With its first-rate production design and costumes, 12 Years A Slave is visually rich, but McQueen and his long-time cinematographer Sean Bobbitt have done a commendable job turning the beautiful Louisiana locations into both an Eden and a hell. The wide open skies and lush woods give the plantation scenes a sense of an untouched paradise, a cruel counterpoint to the horrors that Northup observes in his 12 years.
McQueen treats slavery as a ghastly inhumanity, but his approach is less overt than is typical. Unlike the average “message movie,” 12 Years A Slave wants to do more than condemn this social ill but, rather, investigate how it operated in its time as well as consider the moral repercussions of its existence. Utilising several superb single-take scenes — a speciality of McQueen and Bobbitt’s collaborations — the movie puts the audience into this world with a matter-of-fact approach, illustrating the structure and rules within slavery. The calm, unblinking treatment, which makes plain the era’s rampant brutality, adds to the power by not overselling the drama.
With that said, the movie’s somewhat meandering tone and familiar arc hamper the narrative a bit. In a sense, the repetition of cruelty — and the unlikely journey of Northup from a kinder owner (Benedict Cumberbatch) to a more malicious one (Michael Fassbender) — helps to drive home the point that Northup’s misery seemed interminable and inexplicable. But the broader approach to storytelling on McQueen’s part robs 12 Years A Slave of some of the precise, up-close vibrancy that was the hallmark of his earlier films. As a consequence, this new film feels a little less personal, although that criticism should not dismiss the intelligence and feeling on display.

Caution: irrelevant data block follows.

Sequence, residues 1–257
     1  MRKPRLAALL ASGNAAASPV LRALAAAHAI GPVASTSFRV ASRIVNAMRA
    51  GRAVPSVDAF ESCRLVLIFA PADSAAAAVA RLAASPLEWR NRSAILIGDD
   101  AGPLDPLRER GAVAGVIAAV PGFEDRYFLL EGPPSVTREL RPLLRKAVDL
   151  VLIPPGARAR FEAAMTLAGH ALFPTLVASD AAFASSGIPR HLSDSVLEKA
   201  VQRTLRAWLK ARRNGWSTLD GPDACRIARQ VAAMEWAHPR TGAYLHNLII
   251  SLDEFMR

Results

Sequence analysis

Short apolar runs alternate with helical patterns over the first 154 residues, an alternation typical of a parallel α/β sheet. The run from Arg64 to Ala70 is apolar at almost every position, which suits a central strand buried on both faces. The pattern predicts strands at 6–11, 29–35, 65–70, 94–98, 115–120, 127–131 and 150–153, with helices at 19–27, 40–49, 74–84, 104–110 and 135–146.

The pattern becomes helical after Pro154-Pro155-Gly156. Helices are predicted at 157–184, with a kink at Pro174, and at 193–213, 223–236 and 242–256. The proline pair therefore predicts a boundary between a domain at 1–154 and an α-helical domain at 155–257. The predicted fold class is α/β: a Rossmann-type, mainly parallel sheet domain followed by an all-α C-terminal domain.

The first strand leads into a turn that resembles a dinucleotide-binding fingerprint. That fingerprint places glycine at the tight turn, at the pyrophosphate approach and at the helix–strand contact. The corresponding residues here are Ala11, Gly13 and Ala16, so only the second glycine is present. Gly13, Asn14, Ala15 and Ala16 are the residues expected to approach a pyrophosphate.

Alongside Ejiofor, 12 Years A Slave also boasts fine turns from Fassbender (as a hateful, weak-willed racist) and Alfre Woodard (as a former slave turned wife of a slave owner). But special kudos go to Sarah Paulson, who plays Fassbender’s vindictive wife, her contempt for blacks and her philandering husband combining to twist her face into a mask of anger. Also excellent is Lupita Nyong’o as a younger slave who represents to Northup a flickering beacon of hope in the middle of such human agony.
Production companies: Regency Enterprises, River Road Entertainment, Plan B, New Regency, Film4
US distribution: Fox Searchlight Pictures, www.foxsearchlight.com
International sales: Summit Entertainment, www.lionsgate.com
Producers: Brad Pitt, Dede Gardner, Jeremy Kleiner, Bill Pohlad, Steve McQueen, Arnon Milchan, Anthony Katagas
Executive producers: Tessa Ross, John Ridley
Screenplay: John Ridley
Cinematography: Sean Bobbitt
Editor: Joe Walker
Production designer: Adam Stockhausen
Music: Hans Zimmer
Main cast: Chiwetel Ejiofor, Michael Fassbender, Benedict Cumberbatch, Paul Dano, Garret Dillahunt, Paul Giamatti, Scoot McNairy, Lupita Nyong’o, Adepero Oduye, Sarah Paulson, Brad Pitt, Michael Kenneth Williams, Alfre Woodard, Chris Chalk, Taran Killam, Bill Camp